inter-process inlining

Ulf Wiger <>
Tue Dec 3 18:44:33 CET 2002


On Tue, 3 Dec 2002, Sven-Olof Nystr|m wrote:

>About exceptions. (I assume that crash = throw an
>exception. Are there any other types of crashes that should
>be considered?)

No... I think. Handling exceptions is probably enough.

>This question is trickier. As far as I know, Happi has not
>addressed this issue directly. There are two issues that
>need to be handled. First, the exceptions must somehow be
>caught, as they cannot be allowed to affect the client
>process. Second, the exception must be reproduced on the
>server, either immediately or when the server is scheduled.

If the exception is reproduced later, it must still be so
that the server actually acts on that very message (and
perhaps this isn't appropriate if other messages have come
in to the server during the scheduling delay, since a
selective receive might have resulted in a different
prioritization of messages then -- unlikely, but...)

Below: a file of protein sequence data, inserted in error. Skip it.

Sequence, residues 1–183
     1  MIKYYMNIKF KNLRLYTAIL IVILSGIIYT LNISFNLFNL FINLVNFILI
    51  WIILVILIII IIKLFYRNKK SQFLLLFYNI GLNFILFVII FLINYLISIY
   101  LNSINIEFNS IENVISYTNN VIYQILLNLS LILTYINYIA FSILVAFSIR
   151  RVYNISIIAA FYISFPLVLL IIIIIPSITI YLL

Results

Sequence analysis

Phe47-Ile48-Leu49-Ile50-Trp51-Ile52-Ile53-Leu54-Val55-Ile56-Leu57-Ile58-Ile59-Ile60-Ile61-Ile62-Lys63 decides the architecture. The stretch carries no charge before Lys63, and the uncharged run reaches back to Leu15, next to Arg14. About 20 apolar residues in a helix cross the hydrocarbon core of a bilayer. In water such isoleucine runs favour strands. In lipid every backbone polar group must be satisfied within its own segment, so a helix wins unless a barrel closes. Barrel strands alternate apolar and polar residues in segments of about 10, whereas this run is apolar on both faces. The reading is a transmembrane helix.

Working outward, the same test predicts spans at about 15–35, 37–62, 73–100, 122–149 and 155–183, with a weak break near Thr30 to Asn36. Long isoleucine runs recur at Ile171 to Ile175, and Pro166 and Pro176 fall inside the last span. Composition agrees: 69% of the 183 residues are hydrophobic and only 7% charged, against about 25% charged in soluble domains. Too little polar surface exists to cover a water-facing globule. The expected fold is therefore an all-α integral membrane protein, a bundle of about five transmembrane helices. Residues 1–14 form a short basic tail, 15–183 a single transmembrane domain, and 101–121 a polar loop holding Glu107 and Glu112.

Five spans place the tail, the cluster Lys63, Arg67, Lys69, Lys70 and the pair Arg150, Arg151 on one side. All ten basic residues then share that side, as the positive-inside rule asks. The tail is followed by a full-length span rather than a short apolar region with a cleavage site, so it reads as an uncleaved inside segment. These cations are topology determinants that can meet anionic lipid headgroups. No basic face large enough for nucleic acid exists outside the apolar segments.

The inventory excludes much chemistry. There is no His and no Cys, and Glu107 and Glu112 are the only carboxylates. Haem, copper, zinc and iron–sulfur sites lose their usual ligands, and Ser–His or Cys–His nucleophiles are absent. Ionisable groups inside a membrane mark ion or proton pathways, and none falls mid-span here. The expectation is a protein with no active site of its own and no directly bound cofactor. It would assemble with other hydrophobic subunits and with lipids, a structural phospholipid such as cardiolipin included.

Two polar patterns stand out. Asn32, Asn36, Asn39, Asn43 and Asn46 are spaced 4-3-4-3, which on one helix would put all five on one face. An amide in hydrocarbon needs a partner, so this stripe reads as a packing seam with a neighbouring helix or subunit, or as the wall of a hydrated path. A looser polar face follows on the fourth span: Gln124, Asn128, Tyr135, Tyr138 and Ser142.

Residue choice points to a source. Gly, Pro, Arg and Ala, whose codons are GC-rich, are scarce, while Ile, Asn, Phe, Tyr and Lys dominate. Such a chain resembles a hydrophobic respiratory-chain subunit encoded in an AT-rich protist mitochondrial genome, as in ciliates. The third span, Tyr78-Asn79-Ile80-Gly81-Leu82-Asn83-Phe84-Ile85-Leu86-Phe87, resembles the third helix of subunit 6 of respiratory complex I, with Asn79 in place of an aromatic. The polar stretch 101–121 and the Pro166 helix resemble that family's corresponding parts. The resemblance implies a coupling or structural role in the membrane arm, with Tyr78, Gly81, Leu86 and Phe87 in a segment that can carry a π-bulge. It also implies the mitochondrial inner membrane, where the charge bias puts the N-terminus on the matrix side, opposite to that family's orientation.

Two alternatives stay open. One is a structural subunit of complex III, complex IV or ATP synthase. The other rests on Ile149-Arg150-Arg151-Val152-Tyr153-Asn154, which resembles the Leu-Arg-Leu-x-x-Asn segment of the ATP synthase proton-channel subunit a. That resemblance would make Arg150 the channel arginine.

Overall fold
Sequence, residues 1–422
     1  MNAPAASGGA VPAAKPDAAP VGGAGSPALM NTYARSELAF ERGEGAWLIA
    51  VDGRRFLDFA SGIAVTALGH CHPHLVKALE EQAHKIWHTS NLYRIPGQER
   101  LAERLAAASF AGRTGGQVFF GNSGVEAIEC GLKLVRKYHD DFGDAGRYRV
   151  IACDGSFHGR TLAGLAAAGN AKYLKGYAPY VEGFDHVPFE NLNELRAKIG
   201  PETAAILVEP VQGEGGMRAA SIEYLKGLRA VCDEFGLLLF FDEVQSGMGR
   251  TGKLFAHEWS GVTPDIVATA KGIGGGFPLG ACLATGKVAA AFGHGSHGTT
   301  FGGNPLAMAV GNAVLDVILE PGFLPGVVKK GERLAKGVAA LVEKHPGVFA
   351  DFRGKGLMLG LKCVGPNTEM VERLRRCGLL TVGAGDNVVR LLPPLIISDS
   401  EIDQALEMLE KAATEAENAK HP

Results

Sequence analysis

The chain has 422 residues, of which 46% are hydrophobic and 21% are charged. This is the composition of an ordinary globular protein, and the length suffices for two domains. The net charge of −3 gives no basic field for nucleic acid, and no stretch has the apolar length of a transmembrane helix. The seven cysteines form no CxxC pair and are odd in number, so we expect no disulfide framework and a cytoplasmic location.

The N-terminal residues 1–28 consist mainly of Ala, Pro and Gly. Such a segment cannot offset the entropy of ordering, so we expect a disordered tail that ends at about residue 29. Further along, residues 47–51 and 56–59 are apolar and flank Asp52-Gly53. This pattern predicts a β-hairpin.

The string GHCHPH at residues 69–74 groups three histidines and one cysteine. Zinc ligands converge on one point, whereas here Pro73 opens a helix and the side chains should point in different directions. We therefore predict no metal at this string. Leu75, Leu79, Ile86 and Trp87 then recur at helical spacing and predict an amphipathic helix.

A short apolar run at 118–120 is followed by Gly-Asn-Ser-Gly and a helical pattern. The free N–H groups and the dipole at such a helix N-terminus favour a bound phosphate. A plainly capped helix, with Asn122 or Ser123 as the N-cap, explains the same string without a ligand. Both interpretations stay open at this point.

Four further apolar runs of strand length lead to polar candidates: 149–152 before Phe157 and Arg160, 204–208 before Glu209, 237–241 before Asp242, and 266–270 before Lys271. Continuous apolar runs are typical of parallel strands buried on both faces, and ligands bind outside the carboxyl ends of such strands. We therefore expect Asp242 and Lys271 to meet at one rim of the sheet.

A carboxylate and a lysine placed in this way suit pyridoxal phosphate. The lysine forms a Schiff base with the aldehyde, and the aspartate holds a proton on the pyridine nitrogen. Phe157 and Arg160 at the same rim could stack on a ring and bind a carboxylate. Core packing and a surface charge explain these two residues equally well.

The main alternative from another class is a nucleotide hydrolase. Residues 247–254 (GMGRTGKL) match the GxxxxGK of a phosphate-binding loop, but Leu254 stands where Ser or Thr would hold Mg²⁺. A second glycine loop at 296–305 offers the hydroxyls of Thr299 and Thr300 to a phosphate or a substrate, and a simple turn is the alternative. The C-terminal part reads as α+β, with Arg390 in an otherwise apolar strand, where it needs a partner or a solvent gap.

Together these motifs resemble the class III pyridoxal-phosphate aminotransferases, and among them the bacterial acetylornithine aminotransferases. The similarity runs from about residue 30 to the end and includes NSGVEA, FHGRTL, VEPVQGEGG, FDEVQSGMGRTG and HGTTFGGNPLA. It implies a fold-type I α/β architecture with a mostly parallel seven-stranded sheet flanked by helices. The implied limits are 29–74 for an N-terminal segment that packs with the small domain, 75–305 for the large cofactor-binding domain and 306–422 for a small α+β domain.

>Since we want optimized code to behave 'as if' the
>optimization hadn't happend, we want the server code to
>throw the exception it would have thrown originally. If the
>inlined code does not contain any side-effects, the
>solution is simple: pretend that the optimization never
>happend and that the inlined code was never executed. Just
>leave the server in its current state, insert the message
>in the mailbox and let the client continue its execution.
>When the server is scheduled, it will (eventually) throw
>the exception.

The most appropriate would perhaps be to schedule the server
immediately (see above). Doing it this way would also ensure
that the stack chain on the server reflects the situation
appropriately.

>If the in-lined code contains side-effects things get
>slightly more complicated. The simplest solution is to
>avoid this problem by only inlining code that does not have
>side-effects (this is probably a very reasonable
>restriction).

Yes, it seems reasonable.


>If we inline code with side effects, and code following a
>side-effect throws an exception, one way of reproducing the
>exception is to put the server in a state corresponding to
>a point in the program after the side-effect and before the
>instruction causing the exception.

Hmm...


/Uffe
-- 
Ulf Wiger, Senior Specialist,
   / / /   Architecture & Design of Carrier-Class Software
  / / /    Strategic Product & System Management
 / / /     Ericsson Telecom AB, ATM Multiservice Networks




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